Hosting a wedding at home is a lovely idea for lots of couples. After all, what could be a more perfect, personal setting for a celebration of your love than the place you feel happiest and most comfortable?

Whether you’re planning on setting up your big day at a parent or relatives’ house, or thinking of throwing the bash in your own shared property, hosting your wedding at home can be a great way to reduce your costs, keep everything totally customisable and make even more amazing memories in a space you already love.

However, it’s also important to recognise that no wedding at home is entirely without its challenges. No matter how big, picturesque or well-appointed your prospective venue may be, there are a lot of logistics to consider before you commit to saying ‘I do’ inside those four familiar walls (or the back garden, as the case may be).

From city pad to country pile, we’ve got your back, and we’re here to help you make it work. So here are the 15 key things you need to have covered when you’re tying the knot at home, and all the ideas and inspiration you need to make your humble abode fit for the best day of your life.

How to Throw a Gorgeous Wedding at Home: 15 Key Things To Consider

1. The Order of the Day

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The first and possibly most important decision to make is: will your whole wedding take place at home? Some couples opt to have their ceremony at a local church or registry office, before heading back to the house for the reception, while others like the idea of the entire day being in one place.

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If you’re doing everything at home, it’s a good idea to earmark a distinct, separate area for each part of the day, so you can set everything up in advance and don’t have to worry about rearranging furniture and decorations halfway through. For instance, you could exchange your vows in the prettiest room of the house, then head outside for canapes and cocktails before sitting down to dinner in a marquee.

2. The Guest List

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When you’re having your wedding at home, you can invite as many people as you like – as long as you can fit them in. Be realistic about indoor and outdoor capacity; the beauty of this type of day is the intimacy, so don’t feel pressured to squeeze in so many people that it gets uncomfortable. After all, every guest will need a meal, a chair, a parking space – the list goes on…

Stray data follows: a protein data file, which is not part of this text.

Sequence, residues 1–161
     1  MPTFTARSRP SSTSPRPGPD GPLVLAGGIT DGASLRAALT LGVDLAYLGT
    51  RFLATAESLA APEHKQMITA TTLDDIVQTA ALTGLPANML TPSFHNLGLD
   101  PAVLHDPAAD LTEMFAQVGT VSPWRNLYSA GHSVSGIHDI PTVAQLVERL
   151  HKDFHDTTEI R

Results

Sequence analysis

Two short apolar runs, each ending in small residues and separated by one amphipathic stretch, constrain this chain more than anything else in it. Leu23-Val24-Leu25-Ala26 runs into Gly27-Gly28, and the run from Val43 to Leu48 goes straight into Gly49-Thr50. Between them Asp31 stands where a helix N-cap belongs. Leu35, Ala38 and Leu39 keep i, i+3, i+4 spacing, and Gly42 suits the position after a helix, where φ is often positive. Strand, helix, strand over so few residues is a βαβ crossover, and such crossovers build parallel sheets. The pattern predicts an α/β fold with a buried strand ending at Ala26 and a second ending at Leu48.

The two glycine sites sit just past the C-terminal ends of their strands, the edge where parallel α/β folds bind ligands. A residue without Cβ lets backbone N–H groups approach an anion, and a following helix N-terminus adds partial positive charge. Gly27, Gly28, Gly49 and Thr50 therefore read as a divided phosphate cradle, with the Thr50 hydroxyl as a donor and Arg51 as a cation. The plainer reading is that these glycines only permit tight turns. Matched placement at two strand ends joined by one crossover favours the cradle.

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As a side note, one often-overlooked plus side of at-home weddings is that your pets can get as involved too, with no external venue owners panicking about muddy paws on their posh carpets. If you’re dog or cat people, or have other animals that you want to be part of your day, you’ve chosen the ideal place!

READ MORE: How to Put Together a Wedding Guest List (and the 5 People to Cross Off Immediately)

3. The Transport

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Speaking of parking, how is everyone getting to your house? When you’re sending out your invites, be sure to set out clear guidance on whether or not there will be room for people to bring cars (and possibly leave them overnight, if they’re planning on having a celebratory champagne or too). If not, lay out details of convenient public transport and local taxi firms to ensure everyone can get to you in good time, and back again when the celebrations draw to a close.

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If you can offer everyone a room to stay in on site, amazing! But in the more likely event that your guests are staying in a local hotel, it might make sense to arrange group transport to your front door. Function-wise, it can be a straightforward minibus or coach to get them from A to B, but if you want something a little more unusual, try options like a vintage Routemaster or a convoy of quirky campervans. Watching them pull up and seeing everyone spill out onto your driveway will be a magical moment in and of itself.